In the Anglo-Catholic tradition of Anglicanism, the term Pontifical High Mass may refer to a Mass celebrated with the traditional Tridentine ceremonies described above. Liturgical manuals such as Ritual Notes provide a framework for incorporating Tridentine ceremonial into the services of the Book of Common Prayer. More generally, the term may refer to any High Mass celebrated by a bishop, usually in the presence of his or her throne. The Pontifical High Mass is one of four full-form pontifical functions, the other three being pontifical Evensong, High Mass in the presence of a greater prelate, and Solemn Evensong in the presence of a greater prelate. In its more traditional form, the ministers required at the service are a deacon and subdeacon of the Mass, assistant deacons in dalmatics, and an assistant priest in cope and surplice, who acts as the episcopal chaplain, along with the usual servers.
The Tridentine Mass, also known as the Traditional Latin Mass (TLM), is the Roman Rite Mass of the Catholic Church which appears in typical editions of the Roman Missal published from 1570 to 1962. Celebrated exclusively in Ecclesiastical Latin, it was the most widely used Eucharistic liturgy in the world from its issuance in 1570 until the introduction of the Mass of Paul VI.
Subdeacon is a minor order or ministry for men in various branches of Christianity. The subdeacon has a specific liturgical role and is placed between the acolyte and the deacon in the order of precedence.
Vestments are liturgical garments and articles associated primarily with the Christian religion, especially among the Eastern Orthodox, Catholics, Anglicans, and Lutherans. Many other groups also make use of liturgical garments; this was a point of controversy in the Protestant Reformation and sometimes since, in particular during the Ritualist controversies in England in the 19th century.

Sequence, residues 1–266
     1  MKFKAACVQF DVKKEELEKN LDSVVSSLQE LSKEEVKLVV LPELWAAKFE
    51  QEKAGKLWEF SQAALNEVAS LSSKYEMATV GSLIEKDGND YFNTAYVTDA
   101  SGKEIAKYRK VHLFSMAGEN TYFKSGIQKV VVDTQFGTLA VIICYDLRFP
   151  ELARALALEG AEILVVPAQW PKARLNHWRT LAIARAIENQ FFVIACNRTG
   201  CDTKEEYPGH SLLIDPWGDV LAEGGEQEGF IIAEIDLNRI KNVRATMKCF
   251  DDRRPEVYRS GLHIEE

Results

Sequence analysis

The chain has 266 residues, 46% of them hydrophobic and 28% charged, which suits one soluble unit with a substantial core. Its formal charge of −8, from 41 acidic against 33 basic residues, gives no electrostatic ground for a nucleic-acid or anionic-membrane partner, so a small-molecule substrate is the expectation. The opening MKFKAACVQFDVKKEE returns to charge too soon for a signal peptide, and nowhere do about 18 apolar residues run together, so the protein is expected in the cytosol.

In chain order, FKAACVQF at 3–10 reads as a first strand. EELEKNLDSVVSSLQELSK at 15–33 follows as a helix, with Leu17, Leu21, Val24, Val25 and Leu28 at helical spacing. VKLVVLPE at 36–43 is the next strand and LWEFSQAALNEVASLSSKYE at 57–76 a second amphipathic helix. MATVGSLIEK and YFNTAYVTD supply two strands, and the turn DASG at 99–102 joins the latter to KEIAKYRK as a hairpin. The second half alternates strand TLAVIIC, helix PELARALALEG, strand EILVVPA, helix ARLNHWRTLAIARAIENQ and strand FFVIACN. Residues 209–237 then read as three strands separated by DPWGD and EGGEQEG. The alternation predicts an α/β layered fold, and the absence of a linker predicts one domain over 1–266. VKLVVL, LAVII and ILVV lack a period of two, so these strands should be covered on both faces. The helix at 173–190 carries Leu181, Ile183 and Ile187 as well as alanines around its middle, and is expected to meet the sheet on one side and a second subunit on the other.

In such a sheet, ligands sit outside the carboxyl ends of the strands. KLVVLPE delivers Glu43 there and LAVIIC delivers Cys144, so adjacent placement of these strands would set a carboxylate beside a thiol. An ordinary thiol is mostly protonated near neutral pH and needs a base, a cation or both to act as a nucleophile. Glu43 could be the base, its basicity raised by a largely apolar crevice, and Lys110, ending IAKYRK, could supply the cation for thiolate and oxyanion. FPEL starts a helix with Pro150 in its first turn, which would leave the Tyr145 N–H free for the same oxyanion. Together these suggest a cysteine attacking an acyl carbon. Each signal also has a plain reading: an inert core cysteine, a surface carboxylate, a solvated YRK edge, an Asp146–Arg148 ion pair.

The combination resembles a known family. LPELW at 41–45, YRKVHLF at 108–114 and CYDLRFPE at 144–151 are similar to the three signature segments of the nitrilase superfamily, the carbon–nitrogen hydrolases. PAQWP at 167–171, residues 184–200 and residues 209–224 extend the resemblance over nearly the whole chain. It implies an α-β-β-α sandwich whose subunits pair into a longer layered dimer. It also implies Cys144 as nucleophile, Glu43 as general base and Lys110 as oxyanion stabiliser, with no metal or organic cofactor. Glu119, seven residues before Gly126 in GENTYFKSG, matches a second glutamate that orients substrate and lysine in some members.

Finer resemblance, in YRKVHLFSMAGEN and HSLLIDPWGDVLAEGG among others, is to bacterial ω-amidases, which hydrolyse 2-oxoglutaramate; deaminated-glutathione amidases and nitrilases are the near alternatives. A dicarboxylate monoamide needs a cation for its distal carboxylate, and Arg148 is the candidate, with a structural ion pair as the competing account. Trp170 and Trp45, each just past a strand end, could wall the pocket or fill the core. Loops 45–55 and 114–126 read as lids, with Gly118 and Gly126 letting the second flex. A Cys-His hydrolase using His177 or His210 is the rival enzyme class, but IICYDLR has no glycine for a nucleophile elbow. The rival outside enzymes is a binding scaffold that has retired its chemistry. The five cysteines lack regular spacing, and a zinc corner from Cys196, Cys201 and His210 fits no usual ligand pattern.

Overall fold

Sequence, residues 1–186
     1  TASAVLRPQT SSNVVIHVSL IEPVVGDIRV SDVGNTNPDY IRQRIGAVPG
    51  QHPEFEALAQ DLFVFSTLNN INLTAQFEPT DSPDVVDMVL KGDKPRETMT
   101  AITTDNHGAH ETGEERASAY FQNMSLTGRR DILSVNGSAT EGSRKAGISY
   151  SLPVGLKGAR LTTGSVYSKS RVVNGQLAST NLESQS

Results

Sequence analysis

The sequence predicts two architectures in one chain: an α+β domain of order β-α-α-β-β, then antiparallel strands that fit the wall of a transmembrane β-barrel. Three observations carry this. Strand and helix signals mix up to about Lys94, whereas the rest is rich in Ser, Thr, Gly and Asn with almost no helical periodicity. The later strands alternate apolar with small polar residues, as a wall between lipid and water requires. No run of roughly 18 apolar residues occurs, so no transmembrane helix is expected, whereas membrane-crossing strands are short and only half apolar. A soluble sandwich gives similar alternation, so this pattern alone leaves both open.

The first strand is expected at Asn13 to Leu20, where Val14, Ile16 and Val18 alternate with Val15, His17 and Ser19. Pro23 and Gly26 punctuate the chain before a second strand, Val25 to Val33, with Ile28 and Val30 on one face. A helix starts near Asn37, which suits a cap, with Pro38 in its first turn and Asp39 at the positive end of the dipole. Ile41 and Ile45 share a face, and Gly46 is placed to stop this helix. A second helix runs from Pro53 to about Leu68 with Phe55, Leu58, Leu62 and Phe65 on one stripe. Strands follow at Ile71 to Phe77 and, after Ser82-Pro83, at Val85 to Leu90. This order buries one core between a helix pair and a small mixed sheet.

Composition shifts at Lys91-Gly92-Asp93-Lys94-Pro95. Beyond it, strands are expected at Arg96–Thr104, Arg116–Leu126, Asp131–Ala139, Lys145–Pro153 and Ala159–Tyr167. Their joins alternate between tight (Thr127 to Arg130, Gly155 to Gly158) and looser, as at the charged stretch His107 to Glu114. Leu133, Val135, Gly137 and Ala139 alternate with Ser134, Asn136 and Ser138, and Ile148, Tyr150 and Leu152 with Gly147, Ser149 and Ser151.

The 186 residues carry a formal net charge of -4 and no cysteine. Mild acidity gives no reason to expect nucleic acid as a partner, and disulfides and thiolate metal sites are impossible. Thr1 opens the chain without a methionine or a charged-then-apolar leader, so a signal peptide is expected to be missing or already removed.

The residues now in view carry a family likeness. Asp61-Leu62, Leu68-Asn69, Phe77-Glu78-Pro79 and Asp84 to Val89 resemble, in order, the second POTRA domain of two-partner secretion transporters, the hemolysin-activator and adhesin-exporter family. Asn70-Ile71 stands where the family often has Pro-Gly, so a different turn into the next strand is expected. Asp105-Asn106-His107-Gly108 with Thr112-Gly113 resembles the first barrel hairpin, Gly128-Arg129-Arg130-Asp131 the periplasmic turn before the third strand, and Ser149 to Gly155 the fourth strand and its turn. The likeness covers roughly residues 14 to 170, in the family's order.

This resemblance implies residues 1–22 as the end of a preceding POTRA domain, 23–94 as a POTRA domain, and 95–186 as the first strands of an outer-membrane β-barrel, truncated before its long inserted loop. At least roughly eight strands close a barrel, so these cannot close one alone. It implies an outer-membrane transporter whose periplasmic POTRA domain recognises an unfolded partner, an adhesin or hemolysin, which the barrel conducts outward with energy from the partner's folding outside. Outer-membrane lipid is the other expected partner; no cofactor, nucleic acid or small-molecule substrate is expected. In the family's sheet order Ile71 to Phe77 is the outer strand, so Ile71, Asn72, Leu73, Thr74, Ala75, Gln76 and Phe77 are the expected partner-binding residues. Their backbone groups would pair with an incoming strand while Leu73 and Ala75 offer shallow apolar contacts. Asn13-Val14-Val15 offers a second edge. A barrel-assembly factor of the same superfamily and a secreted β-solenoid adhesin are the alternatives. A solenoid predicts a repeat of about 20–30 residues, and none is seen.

The stole is a liturgical vestment of various Christian denominations. It consists of a band of colored cloth, formerly usually of silk, about seven and a half to nine feet long and three to four inches wide, whose ends may be straight or may broaden out. The center of the stole is worn around the back of the neck and the two ends hang down parallel to each other in front, either attached to each other or hanging loose. The stole is almost always decorated in some way, usually with a cross or some other significant religious design. It is often decorated with contrasting galloons and fringe is usually applied to the ends of the stole following Numbers 15:38–39. A piece of white linen or lace may be stitched onto the back of the collar as a sweat guard, which can be replaced more cheaply than the stole itself.
The chasuble is the outermost liturgical vestment worn by clergy for the celebration of the Eucharist in Western-tradition Christian churches that use full vestments, primarily in Roman Catholic, Anglican, and Lutheran churches. In the Eastern Orthodox Churches and in the Eastern Catholic Churches, the equivalent vestment is the phelonion.
The dalmatic is a long, wide-sleeved tunic, which serves as a liturgical vestment in the Catholic, Lutheran, Anglican, United Methodist, and some other churches. When used, it is the proper vestment of a deacon at Mass, Holy Communion or other services such as baptism or marriage held in the context of a Eucharistic service. Although infrequent, it may also be worn by bishops above the alb and below the chasuble, and is then referred to as pontifical dalmatic.
The maniple is a liturgical vestment used primarily within the Catholic Church, and occasionally used by some Anglo-Catholic and Lutheran clergy. It is an embroidered band of silk or similar fabric that is hung over the left arm. It is only used within the context of the Mass, and it is of the same liturgical colour as the other Mass vestments.
The cope is a liturgical vestment, more precisely a long mantle or cloak, open in front and fastened at the breast with a band or clasp. It may be of any liturgical colour.
Low Mass is a Tridentine Mass defined officially in the Code of Rubrics included in the 1962 edition of the Roman Missal as a Mass in which the priest does not chant the parts that the rubrics assign to him. A sung Mass in turn is a ‘High’ or Solemn Mass if celebrated with the assistance of sacred ministers ; without them it is a Missa Cantata.